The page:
Last week I wrote about the “marriage market“. In many ways, the marriage market is like a labor market: there are search costs, match quality, competition for mates, and so on. When one side of the market becomes more abundant, that side become less picky — their minimum willingness to accept goes down.
Today we examine war as a shock that makes women more abundant than men. The marriage market predicts this shock will mean a smaller fraction of women will marry but those that do receive a smaller share of the benefits from marriage. Also, a larger fraction of men will marry and receive a larger share of the benefits from marriage.
Ran Abramitzky, Adeline Delavande, and Luis Vasconcelos investigate marriage in pre-and-post World War 1 (WW1) France where an estimated 16.5 percent of the French male population died or were missing in WW1. You can see from the map below that some “departments” suffered greater losses than others. Across France, the sex ratio was nearly even before the war and after the war, “If we focus on singles, widows, and divorces who were 30 years old or younger but of marriageable age, there were approximately 2 men for every 3 women.”
We can see for women born between 1891 – 1895 the distribution for year of first marriage is bimodal. The hollowed out area is because of WW1. You can also see a large spike in marriages right after the war for women born from 1896 – 1900. This suggests a sense of urgency to get married. In this game of musical chairs, you don’t want to be the one left without a chair.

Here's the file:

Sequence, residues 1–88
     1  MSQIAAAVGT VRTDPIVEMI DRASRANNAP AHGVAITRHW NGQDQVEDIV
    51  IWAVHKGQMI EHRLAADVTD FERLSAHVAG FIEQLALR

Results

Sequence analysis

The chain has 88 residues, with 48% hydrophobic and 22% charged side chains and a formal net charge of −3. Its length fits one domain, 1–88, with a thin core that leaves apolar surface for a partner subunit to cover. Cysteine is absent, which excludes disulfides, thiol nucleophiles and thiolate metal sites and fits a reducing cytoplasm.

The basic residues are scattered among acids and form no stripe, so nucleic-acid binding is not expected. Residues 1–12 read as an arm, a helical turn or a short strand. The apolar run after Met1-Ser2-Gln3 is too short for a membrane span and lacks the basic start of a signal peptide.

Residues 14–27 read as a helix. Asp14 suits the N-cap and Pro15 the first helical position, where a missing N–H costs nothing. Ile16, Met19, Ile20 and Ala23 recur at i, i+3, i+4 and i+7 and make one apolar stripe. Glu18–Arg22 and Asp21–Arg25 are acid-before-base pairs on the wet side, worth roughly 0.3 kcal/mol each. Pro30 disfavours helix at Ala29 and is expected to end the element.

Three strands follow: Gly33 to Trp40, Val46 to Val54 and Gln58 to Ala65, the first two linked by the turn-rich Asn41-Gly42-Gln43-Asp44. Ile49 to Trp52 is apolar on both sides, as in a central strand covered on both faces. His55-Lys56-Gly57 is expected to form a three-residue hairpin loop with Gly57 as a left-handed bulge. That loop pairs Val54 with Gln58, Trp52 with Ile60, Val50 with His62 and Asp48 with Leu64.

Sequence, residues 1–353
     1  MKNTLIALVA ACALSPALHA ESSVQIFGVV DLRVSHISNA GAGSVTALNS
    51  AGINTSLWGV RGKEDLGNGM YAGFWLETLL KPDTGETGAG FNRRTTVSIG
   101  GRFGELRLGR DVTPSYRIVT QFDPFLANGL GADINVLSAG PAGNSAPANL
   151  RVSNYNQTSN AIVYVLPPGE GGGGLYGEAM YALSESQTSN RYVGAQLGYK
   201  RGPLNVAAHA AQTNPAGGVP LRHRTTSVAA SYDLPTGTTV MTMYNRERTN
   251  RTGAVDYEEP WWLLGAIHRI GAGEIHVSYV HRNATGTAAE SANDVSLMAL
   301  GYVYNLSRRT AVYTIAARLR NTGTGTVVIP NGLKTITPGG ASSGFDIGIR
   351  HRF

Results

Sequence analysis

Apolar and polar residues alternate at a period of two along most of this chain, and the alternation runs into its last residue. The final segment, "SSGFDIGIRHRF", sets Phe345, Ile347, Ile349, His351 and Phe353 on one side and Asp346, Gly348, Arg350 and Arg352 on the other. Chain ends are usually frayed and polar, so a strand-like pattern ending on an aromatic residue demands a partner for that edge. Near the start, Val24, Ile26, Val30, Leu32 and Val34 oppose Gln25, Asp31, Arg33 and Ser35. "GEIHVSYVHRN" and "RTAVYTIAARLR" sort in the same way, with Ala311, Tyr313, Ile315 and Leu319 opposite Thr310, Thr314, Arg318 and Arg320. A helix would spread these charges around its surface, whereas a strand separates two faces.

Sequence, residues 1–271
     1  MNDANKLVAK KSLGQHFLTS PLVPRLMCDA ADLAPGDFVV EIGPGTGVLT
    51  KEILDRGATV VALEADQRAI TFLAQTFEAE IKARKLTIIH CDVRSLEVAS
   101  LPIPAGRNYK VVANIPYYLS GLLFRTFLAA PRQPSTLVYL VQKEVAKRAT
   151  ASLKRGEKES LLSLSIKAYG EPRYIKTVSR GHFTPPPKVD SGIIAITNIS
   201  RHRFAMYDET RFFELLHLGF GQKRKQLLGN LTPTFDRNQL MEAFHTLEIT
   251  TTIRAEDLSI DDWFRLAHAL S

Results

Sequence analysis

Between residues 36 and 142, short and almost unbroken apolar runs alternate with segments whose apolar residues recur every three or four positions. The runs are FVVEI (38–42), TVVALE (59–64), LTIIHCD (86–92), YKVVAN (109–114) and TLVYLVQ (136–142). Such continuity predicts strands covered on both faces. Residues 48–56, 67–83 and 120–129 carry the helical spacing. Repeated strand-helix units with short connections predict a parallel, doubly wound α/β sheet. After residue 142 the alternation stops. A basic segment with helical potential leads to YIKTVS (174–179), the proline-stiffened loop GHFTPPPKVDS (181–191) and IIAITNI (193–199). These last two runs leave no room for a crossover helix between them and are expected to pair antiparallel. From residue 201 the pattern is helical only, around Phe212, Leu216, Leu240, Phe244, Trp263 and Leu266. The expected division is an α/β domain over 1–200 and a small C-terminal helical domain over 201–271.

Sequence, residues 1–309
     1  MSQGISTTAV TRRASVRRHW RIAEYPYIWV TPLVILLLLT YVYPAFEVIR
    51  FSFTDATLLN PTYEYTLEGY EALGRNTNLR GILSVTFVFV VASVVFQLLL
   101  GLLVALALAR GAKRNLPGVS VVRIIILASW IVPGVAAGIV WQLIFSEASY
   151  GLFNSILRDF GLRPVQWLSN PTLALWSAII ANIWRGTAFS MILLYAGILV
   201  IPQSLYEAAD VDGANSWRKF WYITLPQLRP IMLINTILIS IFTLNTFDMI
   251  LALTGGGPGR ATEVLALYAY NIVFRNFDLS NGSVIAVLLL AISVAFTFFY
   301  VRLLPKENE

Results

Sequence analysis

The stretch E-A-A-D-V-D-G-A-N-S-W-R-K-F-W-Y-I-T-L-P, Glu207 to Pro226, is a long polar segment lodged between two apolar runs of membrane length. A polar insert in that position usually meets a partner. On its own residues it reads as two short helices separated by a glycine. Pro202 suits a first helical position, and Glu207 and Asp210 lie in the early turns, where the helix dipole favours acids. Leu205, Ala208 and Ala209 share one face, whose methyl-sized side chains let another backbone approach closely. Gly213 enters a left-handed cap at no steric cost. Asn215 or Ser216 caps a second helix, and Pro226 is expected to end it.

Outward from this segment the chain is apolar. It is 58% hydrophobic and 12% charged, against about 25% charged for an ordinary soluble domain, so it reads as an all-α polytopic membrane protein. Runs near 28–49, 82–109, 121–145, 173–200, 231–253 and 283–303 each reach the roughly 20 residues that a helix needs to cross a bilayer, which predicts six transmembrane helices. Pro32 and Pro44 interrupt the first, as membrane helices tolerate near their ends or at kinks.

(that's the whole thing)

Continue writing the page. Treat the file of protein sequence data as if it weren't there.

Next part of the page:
Many women who would have married remained single. In the following graph, you can see the fraction of women who are single at age 50 by different birth cohorts. The women of marriageable age around WW1 were more likely to be single. At the same time, for men, there was an increase in marriage. The dearth of men meant that some men who would have otherwise remained single became marriage material.
One way to conceptualize men receiving a larger share of the benefits from marriage — due to their relative scarcity — is “marrying up”. The authors then create a variety of social class measures. For example, one social class measure uses marriage certificate data and reported bride and groom occupations. Another uses the Father occupations for the bride and groom. Using differences in mortality across departments to instrument for sex ratios, the authors report, “Overall, our results show that the increase in male scarcity in post-WWI France enabled men to improve their position in the marriage market and marry women from higher social classes when compared with prewar standards.”
The supply-and-demand model is a helpful metaphor in the dating and marriage market precisely because it gives us important predictions about how changes in environment or economic circumstance will affect outcomes. Next week I will review the book “Date onomics” and then will recount a talk I’m giving on February 10th to the Economics Club on the “Economics of Romance” but will continue to explore the comparative statics of the dating market until the end of February.
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